hyperbolist:

Poor cirby.

Medcalf: all Mussolinian fascists are corporatists; whereas not all corporatists are fascists, let alone the Mussolinian variety. You fail first year logic, based on comment #16 (a pretty funny misunderstanding of what cirby had to say about this stupid conversation).

And Larry Sheldon: you're either completely ignorant of 20th century history and political science or you're so batshit crazy that it's worth pointing out, just for fun. If you can't understand--or aren't aware of--the vast differences between Mussolini's Italy, Stalin's U.S.S.R., and--just to pick one socialist--Persson's Sweden--then you either don't know what you're talking about or you're using words that you don't understand. Either way it's pretty funny, though I suspect that other "conservatives" (or whatever you call yourself) might find you embarrassing. If you are willing to conflate every single non-conservatarian political model with one another, by virtue of the fact that government plays a larger role within them than you (and Ayn Rand) deem acceptable, then you aren't the sort of person who should try and carry on a public discussion about the nature and role of government.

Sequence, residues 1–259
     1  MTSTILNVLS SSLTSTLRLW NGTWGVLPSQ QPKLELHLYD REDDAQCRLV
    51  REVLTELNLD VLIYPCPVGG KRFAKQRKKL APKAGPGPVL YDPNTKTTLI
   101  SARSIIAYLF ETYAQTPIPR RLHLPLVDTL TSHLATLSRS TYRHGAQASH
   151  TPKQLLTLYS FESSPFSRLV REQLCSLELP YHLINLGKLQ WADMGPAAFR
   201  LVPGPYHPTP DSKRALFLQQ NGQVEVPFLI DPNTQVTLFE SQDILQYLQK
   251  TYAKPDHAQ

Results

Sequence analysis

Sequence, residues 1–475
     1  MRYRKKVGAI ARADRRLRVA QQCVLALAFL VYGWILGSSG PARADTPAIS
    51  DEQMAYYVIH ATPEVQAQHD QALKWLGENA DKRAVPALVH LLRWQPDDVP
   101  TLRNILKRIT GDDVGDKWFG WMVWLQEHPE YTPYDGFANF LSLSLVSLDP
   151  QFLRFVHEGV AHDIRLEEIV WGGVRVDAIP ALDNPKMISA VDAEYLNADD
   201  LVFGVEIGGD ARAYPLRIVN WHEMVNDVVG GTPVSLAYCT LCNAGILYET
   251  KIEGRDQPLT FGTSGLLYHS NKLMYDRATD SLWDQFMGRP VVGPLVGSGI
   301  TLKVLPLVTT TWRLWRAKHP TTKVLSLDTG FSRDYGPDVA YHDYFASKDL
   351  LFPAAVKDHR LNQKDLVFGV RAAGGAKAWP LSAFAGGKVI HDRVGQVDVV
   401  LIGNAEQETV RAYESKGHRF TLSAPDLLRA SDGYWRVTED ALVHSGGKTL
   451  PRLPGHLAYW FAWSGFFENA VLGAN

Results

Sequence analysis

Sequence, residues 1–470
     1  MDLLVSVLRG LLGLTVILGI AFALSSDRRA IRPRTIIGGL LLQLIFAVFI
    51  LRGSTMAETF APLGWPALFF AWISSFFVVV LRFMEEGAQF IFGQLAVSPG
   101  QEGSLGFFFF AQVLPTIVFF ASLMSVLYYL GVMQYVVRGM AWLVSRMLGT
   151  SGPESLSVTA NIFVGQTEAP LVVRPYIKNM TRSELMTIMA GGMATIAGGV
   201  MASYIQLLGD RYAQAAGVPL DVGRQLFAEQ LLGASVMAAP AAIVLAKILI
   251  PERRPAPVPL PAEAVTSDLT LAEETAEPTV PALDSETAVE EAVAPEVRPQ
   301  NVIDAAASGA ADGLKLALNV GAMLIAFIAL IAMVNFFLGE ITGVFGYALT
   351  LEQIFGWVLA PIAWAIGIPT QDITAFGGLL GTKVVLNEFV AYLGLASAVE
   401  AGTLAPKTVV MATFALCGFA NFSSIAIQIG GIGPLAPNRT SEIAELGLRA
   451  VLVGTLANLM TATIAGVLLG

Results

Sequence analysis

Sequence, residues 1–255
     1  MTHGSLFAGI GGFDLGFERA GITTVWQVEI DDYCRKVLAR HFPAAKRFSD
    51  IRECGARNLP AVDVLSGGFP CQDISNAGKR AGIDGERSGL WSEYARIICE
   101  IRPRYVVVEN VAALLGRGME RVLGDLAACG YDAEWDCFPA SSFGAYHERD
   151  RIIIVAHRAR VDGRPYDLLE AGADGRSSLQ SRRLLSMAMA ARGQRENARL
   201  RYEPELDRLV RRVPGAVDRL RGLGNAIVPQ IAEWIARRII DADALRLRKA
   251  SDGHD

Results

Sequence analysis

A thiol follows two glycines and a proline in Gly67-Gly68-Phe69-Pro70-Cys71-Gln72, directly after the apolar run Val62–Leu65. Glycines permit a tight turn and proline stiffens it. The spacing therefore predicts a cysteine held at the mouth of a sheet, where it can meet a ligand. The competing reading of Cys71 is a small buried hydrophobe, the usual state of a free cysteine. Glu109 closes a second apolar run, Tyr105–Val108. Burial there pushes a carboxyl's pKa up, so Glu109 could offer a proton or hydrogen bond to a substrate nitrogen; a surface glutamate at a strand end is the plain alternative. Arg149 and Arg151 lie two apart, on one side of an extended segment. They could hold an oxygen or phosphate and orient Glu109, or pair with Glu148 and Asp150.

"there is not a nickel's... (Below threshold)
914:

"there is not a nickel's worth of difference in practice, between a socialist, a fascist and a communist."

Well We got 3 for the price of 1 then.... What a bargain.

He's not really an economic... (Below threshold)
914:

He's not really an economic fascist, He's an economic idiot..

Hey, happy "Cinco de cuartr... (Below threshold)
James Cloninger:

Hey, happy "Cinco de cuartro"...or something like that:

http://news.yahoo.com/s/ap/20090504/ap_on_go_pr_wh/us_obama_cinco_de_mayo_1

Looks like the Teleprompter was drunk again.

Recommended reading on this... (Below threshold)
Arthur:

Recommended reading on this topic.

"Liberal Fascism" by Jonah Goldberg

and

"The Road to Serfdom" by Hayek.

"Serfdom" was published in 1943 and much of it reads like it was written this year.

It's as if Obama was using "Serfdom" as a How To guide.


Well, folks joke about "198... (Below threshold)
JLawson:

Well, folks joke about "1984", Arthur. It was never meant to be a How-To manual...

Um, hyperbolist, my point w... (Below threshold)